The U.S. Senate

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mimi
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#1

Post by mimi » Sun Jan 27, 2013 3:50 pm

How Republicans could take control of the Senate in 2014





Here's what's at stake in the midterm elections: Democrats will defend 21 Senate seats while Republicans need to defend just 14.





But as the Washington Post notes, it's an even steeper climb than it looks. Seven of the seats Democrats will defend are in states that voted Republican in the 2012 presidential election: West Virginia, Arkansas, South Dakota, Louisiana, Alaska, Montana, and North Carolina. And in six of those seven — all but North Carolina — Obama lost by double-digits.





Interestingly, with Democrats currently holding a 55-45 majority in the Senate, Republicans must flip 6 seats to take back control. Those six states the GOP won handily in 2012 are their path back to power.





For now, the GOP-controlled House of Representatives is President Obama's biggest obstacle to his agenda on Capitol Hill. But come 2014, he may face roadblocks in both houses of Congress.


remainder:


[/break1]com/article/index/239306/how-republicans-could-take-control-of-the-senate-in-2014]http://theweek.com/article/index/239306 ... te-in-2014













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Plutodog
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#2

Post by Plutodog » Sun Jan 27, 2013 4:34 pm

At the risk of going OT -- if the odds prove correct and the R's take over the Senate in 2014, how many think the odds are less than 50-50 that the Repubs themselves will kill off the filibuster in 2015?
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#3

Post by esseff44 » Sun Jan 27, 2013 5:00 pm

They will need the same supermajority that the Dems need now. What are the chances of that many seats flipping?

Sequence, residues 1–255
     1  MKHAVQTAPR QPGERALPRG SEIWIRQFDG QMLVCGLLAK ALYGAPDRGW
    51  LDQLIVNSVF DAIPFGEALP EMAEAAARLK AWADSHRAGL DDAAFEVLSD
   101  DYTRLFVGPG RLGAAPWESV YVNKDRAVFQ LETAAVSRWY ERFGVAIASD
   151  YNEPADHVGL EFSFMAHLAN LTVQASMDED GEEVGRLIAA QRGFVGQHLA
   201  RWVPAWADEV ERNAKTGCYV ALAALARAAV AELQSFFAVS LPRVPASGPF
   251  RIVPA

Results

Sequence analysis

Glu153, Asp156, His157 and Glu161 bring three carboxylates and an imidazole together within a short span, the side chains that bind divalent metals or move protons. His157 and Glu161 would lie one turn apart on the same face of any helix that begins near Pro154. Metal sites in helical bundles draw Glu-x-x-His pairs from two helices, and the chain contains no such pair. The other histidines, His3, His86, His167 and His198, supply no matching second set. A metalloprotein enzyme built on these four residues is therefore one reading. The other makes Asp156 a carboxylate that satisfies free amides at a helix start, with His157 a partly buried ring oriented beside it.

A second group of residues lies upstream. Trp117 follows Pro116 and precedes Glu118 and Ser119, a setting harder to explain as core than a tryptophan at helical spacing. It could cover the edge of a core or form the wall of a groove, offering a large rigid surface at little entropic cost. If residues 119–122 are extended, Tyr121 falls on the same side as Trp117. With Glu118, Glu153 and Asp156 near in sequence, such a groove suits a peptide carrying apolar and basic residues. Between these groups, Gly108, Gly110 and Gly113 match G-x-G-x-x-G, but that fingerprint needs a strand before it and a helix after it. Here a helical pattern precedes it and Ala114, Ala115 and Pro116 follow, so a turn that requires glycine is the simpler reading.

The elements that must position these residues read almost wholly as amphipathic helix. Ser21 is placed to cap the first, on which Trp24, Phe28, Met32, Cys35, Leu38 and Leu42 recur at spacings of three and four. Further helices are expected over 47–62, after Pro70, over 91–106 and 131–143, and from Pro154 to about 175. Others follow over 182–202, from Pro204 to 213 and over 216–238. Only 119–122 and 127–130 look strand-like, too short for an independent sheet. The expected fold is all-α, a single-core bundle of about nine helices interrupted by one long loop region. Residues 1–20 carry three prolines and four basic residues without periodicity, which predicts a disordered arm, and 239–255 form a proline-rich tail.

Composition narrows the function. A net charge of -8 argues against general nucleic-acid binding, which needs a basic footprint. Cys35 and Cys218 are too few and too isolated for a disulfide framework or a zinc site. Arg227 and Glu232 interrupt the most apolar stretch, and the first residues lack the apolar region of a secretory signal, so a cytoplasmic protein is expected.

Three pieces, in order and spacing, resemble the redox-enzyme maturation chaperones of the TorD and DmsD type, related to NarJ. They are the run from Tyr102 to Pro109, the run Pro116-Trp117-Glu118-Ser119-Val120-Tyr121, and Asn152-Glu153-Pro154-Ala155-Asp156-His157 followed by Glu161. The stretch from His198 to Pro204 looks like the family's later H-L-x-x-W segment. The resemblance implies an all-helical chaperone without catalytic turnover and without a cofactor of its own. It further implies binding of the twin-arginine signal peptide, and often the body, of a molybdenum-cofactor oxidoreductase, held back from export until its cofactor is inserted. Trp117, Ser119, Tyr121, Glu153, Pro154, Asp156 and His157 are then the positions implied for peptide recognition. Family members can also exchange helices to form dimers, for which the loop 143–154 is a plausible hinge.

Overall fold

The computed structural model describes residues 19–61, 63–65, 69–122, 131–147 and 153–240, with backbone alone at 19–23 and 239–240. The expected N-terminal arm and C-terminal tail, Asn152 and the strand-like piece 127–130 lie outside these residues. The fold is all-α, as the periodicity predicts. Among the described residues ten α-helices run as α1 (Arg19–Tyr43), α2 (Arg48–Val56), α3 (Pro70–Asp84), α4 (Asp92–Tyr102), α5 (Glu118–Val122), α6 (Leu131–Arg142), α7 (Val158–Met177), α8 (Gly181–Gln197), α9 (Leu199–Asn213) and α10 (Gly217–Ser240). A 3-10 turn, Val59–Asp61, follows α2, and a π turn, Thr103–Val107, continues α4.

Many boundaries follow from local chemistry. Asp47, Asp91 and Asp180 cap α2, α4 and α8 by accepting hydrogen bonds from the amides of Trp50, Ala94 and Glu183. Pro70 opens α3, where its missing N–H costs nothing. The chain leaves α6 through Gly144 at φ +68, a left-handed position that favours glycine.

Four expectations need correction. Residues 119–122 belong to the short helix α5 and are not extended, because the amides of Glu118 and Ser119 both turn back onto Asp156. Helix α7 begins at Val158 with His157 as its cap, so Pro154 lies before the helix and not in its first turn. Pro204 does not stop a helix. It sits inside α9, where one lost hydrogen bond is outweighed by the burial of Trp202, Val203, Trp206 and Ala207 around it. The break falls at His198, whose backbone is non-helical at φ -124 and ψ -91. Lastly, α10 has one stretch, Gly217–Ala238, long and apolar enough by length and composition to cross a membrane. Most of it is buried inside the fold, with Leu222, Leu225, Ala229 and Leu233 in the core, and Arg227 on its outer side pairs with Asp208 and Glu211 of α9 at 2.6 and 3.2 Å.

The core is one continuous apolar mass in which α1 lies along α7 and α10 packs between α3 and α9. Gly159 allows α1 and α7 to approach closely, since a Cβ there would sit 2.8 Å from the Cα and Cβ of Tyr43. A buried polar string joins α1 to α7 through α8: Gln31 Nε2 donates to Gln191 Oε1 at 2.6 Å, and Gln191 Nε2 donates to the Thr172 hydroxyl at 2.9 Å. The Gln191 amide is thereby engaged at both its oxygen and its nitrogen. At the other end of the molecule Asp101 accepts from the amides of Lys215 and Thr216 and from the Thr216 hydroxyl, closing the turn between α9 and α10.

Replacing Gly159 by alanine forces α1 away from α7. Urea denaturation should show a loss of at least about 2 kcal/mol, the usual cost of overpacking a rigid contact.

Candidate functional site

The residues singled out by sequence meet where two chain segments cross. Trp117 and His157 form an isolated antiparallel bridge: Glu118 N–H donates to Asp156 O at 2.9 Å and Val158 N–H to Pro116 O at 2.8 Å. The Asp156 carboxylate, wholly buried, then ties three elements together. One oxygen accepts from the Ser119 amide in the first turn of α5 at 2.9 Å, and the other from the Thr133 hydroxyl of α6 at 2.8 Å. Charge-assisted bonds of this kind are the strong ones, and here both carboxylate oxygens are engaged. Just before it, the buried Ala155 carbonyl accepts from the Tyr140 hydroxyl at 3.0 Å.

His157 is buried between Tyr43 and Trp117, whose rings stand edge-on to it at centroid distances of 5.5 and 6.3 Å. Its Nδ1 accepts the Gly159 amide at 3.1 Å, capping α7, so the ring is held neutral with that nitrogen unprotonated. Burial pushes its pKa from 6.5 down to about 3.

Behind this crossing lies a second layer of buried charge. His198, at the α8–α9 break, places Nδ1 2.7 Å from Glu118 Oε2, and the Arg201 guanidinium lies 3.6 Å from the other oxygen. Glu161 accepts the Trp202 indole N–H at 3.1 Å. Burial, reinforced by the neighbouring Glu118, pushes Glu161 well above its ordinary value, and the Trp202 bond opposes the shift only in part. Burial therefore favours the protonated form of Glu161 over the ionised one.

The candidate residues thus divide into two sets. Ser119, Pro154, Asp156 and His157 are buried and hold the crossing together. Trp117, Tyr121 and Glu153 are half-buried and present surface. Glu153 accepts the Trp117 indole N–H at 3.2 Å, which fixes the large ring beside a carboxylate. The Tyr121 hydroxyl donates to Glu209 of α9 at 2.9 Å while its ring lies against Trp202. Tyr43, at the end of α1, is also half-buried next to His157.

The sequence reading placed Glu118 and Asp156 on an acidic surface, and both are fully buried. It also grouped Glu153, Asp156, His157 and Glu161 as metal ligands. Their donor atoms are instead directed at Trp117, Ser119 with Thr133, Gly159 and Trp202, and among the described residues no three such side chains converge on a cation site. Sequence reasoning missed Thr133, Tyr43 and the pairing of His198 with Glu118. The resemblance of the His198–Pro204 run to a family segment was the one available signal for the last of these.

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mimi
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#4

Post by mimi » Thu Mar 21, 2013 7:13 pm

Republicans Launch Opposition Research Firm





By Kyle Trygstad Posted at 6:35 p.m. today





Three Republican operatives have launched an opposition research group to serve as a counterweight to the successful Democratic venture, American Bridge 21st Century.





Matt Rhoades, Joe Pounder and Tim Miller have formed America Rising, a group devoted to candidate research, tracking, rapid response and digital tools to help the party define its opposition through research and proactive communication efforts. They hope to put the GOP on equal footing with Democrats, who were widely believed to have a leg up in the research field, something spelled out in the 2012 autopsy report released this week by the Republican National Committee.





America Rising, organized as a limited liability company, will conduct research and provide tracking as a product for Republican campaigns, committees and conservative advocacy groups. Separately, America Rising PAC will serve as the super PAC arm of the organization, focusing on rapid response, communications, social media and digital advertising campaigns.





“We plan to start this enterprise because so many Republicans seem to agree there is a need on our side of the aisle for an entity that is focused solely on holding Democrats accountable for their actions and records using research, candidate tracking, rapid response and digital tools,” Rhoades said in a statement.more:


[/break1]rollcall.com/republicans-launch-opposition-research-firm/]http://atr.rollcall.com/republicans-lau ... arch-firm/

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#5

Post by John Thomas8 » Thu Mar 21, 2013 7:16 pm

The US Senate is broken.

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#6

Post by bob » Thu Mar 21, 2013 7:20 pm

How Republicans could take control of the Senate in 2014RCP (Sept. 28, 20[highlight]11[/highlight]): [/break1]realclearpolitics.com/articles/2011/09/28/odds_favor_gop_gaining_senate_control_in_2012_111492.html]Odds Favor GOP Gaining Senate Control in 2012:


The Senate and House races are usually undercard matches in presidential years. But 2012 may be different. Republicans are expected to hold the House, and [highlight]are probably slight favorites to win the White House at this point[/highlight]. If Democrats are going to keep a toehold in Washington, their only hope is retaining the Senate. This is especially true because much of what the Republican Congress will probably focus on in 2013 is spending cuts, which can -- and almost certainly will -- be done through budget reconciliation (which only requires a majority vote).